State audit sparks hope for sexual assault policy reform

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Libby Rainey/Staff

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Sofie Karasek fought back tears as she stood before California legislators, recounting a tale of sexual assault in her first year at UC Berkeley that left her rattled — and a reporting process that caused her to lose faith in the university’s ability to handle cases of sexual assault.

UC Berkeley student Aryle Butler, meanwhile, was angry. She wanted to know why administrators told her she could do nothing to seek justice after she was sexually assaulted. She demanded that the state take action to force “real change” at the university that she says let her down.

Moved by these stories, state legislators unanimously approved an audit of UC Berkeley on Aug. 21 that will review the university’s handling of sexual violence and cases of sexual assault. The state auditor also will assess one other UC and two CSU campuses.

With the audit’s approval, student activists have found allies in state legislators, who they are hoping can be a vehicle for change on college campuses. The audit addresses a federal complaint filed by nine UC Berkeley students in May claiming that the campus mishandled and underreported cases of sexual assault.

“For almost two years, we’ve been waiting for someone to tell us, ‘yes your experiences matter, and what your school did is actually a serious issue.’ ” said Anais LaVoie, a UC Berkeley graduate who helped file the federal complaint, in an email. “No one on campus had given us that. The audit is validation for us — that someone in power believes our story and cares enough to make sure it doesn’t happen to anyone else.”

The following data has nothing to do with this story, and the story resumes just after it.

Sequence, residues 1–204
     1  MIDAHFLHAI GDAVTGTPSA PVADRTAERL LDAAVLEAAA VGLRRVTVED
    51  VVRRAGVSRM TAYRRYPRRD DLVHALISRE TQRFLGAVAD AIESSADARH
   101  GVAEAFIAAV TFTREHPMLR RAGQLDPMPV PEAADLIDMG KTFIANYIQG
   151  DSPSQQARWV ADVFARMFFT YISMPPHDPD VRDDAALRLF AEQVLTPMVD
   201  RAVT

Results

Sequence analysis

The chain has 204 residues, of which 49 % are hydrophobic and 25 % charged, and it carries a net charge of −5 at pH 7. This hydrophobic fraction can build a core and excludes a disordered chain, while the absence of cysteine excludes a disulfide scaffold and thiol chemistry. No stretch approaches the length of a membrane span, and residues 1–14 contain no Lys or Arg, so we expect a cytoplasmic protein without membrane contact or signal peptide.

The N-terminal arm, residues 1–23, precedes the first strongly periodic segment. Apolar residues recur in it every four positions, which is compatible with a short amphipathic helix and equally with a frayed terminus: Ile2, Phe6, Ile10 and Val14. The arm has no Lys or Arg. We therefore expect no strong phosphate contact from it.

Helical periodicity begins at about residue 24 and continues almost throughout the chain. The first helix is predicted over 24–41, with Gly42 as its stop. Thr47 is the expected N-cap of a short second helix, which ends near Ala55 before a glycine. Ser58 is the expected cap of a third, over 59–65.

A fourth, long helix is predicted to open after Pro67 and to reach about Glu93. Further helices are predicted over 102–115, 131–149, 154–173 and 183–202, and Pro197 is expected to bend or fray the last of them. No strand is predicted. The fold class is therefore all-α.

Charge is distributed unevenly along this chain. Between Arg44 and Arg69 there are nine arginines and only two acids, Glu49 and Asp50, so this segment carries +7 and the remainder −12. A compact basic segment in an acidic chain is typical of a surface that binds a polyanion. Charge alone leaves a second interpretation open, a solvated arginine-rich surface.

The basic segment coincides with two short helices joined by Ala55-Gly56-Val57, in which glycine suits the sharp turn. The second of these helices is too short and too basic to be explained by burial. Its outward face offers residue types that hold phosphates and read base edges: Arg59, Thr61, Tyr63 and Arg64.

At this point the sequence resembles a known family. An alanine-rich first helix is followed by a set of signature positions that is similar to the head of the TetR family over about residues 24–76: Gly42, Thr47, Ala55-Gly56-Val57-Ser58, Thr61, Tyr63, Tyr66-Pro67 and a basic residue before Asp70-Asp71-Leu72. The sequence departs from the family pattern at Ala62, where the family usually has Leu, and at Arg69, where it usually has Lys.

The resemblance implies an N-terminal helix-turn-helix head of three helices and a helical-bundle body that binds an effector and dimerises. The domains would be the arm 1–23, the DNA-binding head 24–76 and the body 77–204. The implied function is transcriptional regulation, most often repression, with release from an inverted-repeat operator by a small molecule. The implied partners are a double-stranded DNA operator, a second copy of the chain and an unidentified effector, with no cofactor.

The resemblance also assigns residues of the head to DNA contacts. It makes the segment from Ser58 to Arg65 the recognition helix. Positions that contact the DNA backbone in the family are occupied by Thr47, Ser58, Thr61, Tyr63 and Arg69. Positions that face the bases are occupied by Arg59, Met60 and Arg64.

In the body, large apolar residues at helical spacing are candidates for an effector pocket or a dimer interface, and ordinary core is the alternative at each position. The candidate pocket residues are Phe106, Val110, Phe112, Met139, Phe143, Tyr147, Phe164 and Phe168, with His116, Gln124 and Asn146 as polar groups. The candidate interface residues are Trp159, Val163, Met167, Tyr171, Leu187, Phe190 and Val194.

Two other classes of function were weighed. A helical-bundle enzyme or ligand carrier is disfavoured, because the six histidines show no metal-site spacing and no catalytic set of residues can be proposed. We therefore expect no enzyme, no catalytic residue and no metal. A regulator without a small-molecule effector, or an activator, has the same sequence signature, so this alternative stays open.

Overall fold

Bill Wong, chief of staff for the Assemby member who requested the audit, Anthony Rendon, D-Lakewood, said it was a “pragmatic and effective” course of action.

“An audit may be the most expeditious way to assess if the schools are able to handle this issue,” Wong said.

Assault

Wong said that while a state audit of the University of California is not common, it is not unusual for the state auditor — a nonpartisan office that reviews California institutions for compliance with state law — to make such a move. The state auditor sees a large variety of requests and this year assessed the California Department of Mental Health and the Secretary of State’s office as part of its many audits, according to its website.

State Auditor Elaine Howle said her office will begin the review by November. It will take up to seven months to complete.

The UC Berkeley students join activists from Occidental College, USC and other universities, who are coming forward to demand change in the way their schools handle cases of sexual assault. Annie Clark, an activist who filed a complaint against UNC Chapel Hill in January, helped advise Karasek and the other students who spoke out against UC Berkeley in the spring.

After Clark and other UNC students filed their complaint, students across the nation began reaching out to Clark for help pursuing their own cases. Karasek was one of them.

“I wouldn’t be surprised if another state follows suit,” Clark said. “We’re reaching a broader audience, not necessarily preaching to the choir anymore.”

Clark said she hopes the audit will continue the “ripple effect” that has connected student activists from across the country.

Karasek left the room crowded with legislators to join friends and fellow activists gathered in the hallway to celebrate the committee’s decision to audit UC Berkeley. She hugged Clark. Only a moment passed before they began planning their next move.

“OK, so Berkeley,” Clark said. “Who’s next?”

Libby Rainey covers higher education. Contact her at[email protected].